Johannes Vierock,#1 Silvia Rodriguez-Rozada,#2 Alexander Dieter,2 Florian Pieper,3 Ruth Sims,4 Federico Tenedini,5 Amelie C. F. Bergs,6 Imane Bendifallah,4 Fangmin Zhou,5 Nadja Zeitzschel,6 Joachim Ahlbeck,3 Sandra Augustin,1 Kathrin Sauter,2,5 Eirini Papagiakoumou,4 Alexander Gottschalk,6 Peter Soba,5,7 Valentina Emiliani,4 Andreas K. Engel,3 Peter Hegemann,1 and J. Simon Wiegertcorresponding author2


1Institute for Biology, Experimental Biophysics, Humboldt University Berlin, Berlin, Germany
2Research Group Synaptic Wiring and Information Processing, Center for Molecular Neurobiology Hamburg, University Medical Center Hamburg-Eppendorf, Hamburg, Germany
3Department of Neurophysiology and Pathophysiology, University Medical Center Hamburg-Eppendorf, Hamburg, Germany
4Wavefront-Engineering Microscopy Group, Photonics Department, Institut de la Vision, Sorbonne Université, INSERM, CNRS, Institut de la Vision, Paris, France
5Research Group Neuronal Patterning and Connectivity, Center for Molecular Neurobiology Hamburg, University Medical Center Hamburg-Eppendorf, Hamburg, Germany
6Buchmann Institute for Molecular Life Sciences and Institute of Biophysical Chemistry, Goethe University, Frankfurt, Germany
7LIMES Institute, University of Bonn, Bonn, Germany
J. Simon Wiegert, Email: [email protected]
corresponding authorCorresponding author.
#Contributed equally.


Neuroscience, Optogenetics


Optogenetic manipulation of neuronal activity through excitatory and inhibitory opsins has become an indispensable experimental strategy in neuroscience research. For many applications bidirectional control of neuronal activity allowing both excitation and inhibition of the same neurons in a single experiment is desired. This requires low spectral overlap between the excitatory and inhibitory opsin, matched photocurrent amplitudes and a fixed expression ratio. Moreover, independent activation of two distinct neuronal populations with different optogenetic actuators is still challenging due to blue-light sensitivity of all opsins. Here we report BiPOLES, an optogenetic tool for potent neuronal excitation and inhibition with light of two different wavelengths. BiPOLES enables sensitive, reliable dual-color neuronal spiking and silencing with single- or two-photon excitation, optical tuning of the membrane voltage, and independent optogenetic control of two neuronal populations using a second, blue-light sensitive opsin. The utility of BiPOLES is demonstrated in worms, flies, mice and ferrets.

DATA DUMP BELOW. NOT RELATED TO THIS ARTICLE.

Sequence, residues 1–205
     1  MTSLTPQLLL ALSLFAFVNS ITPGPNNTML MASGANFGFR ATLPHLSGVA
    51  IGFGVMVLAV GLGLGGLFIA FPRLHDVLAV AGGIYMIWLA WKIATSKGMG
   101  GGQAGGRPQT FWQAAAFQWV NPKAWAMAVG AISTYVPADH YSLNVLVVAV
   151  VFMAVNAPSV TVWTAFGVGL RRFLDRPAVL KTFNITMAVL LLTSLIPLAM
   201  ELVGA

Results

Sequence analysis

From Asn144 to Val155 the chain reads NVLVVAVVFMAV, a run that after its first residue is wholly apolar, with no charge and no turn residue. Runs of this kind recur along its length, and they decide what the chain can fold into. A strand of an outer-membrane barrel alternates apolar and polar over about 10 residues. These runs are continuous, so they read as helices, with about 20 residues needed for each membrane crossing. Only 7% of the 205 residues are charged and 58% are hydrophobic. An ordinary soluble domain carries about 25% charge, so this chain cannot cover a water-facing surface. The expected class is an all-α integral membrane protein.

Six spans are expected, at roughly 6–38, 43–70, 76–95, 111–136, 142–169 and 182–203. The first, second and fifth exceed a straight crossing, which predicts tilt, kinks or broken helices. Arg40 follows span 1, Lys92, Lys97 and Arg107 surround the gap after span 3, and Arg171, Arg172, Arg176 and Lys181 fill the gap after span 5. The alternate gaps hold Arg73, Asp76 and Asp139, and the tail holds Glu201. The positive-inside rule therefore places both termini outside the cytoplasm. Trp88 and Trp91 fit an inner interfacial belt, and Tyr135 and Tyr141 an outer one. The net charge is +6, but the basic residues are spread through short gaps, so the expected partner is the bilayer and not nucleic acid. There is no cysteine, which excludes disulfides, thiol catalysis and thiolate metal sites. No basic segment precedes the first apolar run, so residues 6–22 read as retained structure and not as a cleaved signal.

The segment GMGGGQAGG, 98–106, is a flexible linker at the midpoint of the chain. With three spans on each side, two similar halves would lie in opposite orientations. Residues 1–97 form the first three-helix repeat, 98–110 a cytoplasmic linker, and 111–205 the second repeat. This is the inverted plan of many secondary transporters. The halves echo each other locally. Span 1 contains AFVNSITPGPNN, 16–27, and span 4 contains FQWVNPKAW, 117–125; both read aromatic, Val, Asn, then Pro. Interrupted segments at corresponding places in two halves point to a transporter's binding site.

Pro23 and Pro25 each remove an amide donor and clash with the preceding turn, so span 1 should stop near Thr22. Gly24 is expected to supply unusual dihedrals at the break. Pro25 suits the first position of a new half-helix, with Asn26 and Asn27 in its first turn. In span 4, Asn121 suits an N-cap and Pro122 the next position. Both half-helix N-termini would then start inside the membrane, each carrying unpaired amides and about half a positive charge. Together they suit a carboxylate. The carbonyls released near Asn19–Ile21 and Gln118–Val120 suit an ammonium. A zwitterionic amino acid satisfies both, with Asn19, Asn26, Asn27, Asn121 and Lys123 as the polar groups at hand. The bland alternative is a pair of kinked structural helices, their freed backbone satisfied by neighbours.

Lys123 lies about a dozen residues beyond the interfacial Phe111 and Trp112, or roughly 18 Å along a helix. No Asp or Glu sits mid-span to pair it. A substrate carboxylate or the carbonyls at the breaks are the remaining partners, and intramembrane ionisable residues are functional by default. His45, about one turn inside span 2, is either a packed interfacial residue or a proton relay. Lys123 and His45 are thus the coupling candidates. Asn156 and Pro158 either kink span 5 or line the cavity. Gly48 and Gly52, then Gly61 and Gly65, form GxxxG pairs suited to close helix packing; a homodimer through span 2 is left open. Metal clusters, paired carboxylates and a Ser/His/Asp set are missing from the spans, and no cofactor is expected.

Monochromatic light (± 7 nm) was provided by a Polychrome V monochromator (TILL Photonics, Planegg, Germany) or by a pE-4000 CoolLED system (CoolLED, Andover, UK) for light titration experiments.

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The pE-4000 Universal Illumination System offers 16 selectable wavelengths from 365 - 770 nm, making it a highly flexible illuminator covering a wide variety of fluorophores

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Nature Communications

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